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On Tuesday, April 2, 2013, the Uruguayan Senate has voted to approve the country’s Marriage Equality Bill, by a majority of 23 to 8.
This is a landmark move towards full recognition of marriage equality in Uruguay. A country which, just a few months ago, also gained widespread international acclaim for the government’s pioneering decision to decriminalise abortion.
Activists from the Uruguayan LGBT group, Colectivo Ovejas Negras, explained “The bill had been passed by the Chamber of Deputies in December, but the Senate has modified it. According to our Constitution, those modifications will have to be confirmed by the Deputies for the bill to be finally approved. The modifications are minor and do not affect the bill’s essence. In fact, it improves it, bringing the marrying age for women and men to 16 (before, those ages were ridiculously low, at 12 for girls and 14 for boys)… After this Tuesday’s vote by the Senate, the lower chamber will probably vote and pass it in one or two weeks (all in April). Once passed, the government has up to 90 days to regulate it, i.e., to make the necessary changes in red tape to implement it. Hopefully, the first couples will be getting married in July/August.”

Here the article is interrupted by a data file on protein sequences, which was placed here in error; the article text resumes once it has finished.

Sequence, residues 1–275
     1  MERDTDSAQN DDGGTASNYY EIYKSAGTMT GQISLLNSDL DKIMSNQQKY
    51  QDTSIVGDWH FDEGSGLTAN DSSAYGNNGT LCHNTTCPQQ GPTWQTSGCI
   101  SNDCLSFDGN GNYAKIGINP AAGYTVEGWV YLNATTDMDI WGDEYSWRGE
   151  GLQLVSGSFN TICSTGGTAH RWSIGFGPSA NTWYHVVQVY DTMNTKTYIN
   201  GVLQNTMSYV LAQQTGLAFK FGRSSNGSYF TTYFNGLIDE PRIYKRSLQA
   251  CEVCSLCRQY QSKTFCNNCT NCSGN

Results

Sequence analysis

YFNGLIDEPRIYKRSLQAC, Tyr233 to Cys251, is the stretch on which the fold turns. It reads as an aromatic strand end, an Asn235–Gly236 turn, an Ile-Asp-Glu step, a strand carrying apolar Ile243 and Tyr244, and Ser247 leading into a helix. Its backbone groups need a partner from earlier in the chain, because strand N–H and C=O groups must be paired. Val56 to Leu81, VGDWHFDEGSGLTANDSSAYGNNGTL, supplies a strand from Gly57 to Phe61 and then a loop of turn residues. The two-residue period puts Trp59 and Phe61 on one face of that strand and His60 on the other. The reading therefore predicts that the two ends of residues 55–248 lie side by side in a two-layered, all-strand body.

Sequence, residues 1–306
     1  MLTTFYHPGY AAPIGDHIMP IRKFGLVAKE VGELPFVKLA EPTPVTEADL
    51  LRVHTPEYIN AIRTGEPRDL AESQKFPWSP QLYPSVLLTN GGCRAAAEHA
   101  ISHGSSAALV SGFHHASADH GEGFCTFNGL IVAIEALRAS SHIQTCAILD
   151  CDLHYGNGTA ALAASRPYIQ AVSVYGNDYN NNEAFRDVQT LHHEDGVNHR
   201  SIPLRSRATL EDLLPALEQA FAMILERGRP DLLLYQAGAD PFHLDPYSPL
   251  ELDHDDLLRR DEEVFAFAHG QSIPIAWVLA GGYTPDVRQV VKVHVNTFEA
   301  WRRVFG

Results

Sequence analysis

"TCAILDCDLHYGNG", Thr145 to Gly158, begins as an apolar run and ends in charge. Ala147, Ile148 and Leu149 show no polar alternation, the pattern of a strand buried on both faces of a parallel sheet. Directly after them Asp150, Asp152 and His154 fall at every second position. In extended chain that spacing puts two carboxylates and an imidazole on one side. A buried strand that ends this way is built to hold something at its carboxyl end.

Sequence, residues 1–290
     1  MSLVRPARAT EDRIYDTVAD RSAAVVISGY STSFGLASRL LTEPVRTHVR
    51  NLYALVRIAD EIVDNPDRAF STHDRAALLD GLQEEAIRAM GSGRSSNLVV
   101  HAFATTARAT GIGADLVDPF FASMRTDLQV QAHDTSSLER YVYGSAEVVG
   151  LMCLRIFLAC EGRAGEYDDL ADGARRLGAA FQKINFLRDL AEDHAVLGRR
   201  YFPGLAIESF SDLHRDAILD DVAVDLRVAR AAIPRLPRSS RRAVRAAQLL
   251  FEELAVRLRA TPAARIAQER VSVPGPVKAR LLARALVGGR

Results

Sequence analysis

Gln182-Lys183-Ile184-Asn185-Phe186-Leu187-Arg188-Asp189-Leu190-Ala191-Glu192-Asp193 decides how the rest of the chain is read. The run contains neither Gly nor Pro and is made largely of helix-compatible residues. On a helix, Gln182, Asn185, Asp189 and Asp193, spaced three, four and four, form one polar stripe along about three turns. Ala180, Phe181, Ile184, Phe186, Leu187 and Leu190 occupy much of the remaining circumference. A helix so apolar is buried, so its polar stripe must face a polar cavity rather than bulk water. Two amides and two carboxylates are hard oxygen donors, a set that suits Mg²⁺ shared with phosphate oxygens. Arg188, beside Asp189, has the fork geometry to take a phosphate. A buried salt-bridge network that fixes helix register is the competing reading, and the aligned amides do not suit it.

LGBT communities and activists throughout Latin America have celebrated the decision, with many taking to social media to show their support.
Uruguay is the latest in a progressive Latin American-wide trend to legalise same sex marriage, following similar laws in Argentina and Mexico City and very favourable judicial decisions in Brazil and other countries.
Activists from the Coletivo added “The Catholic church is making a final attack on the bill, with the usual statements from the bishops. We are not at all worried. These are just angry rantings at the unavoidable. They know they’ve already lost.”

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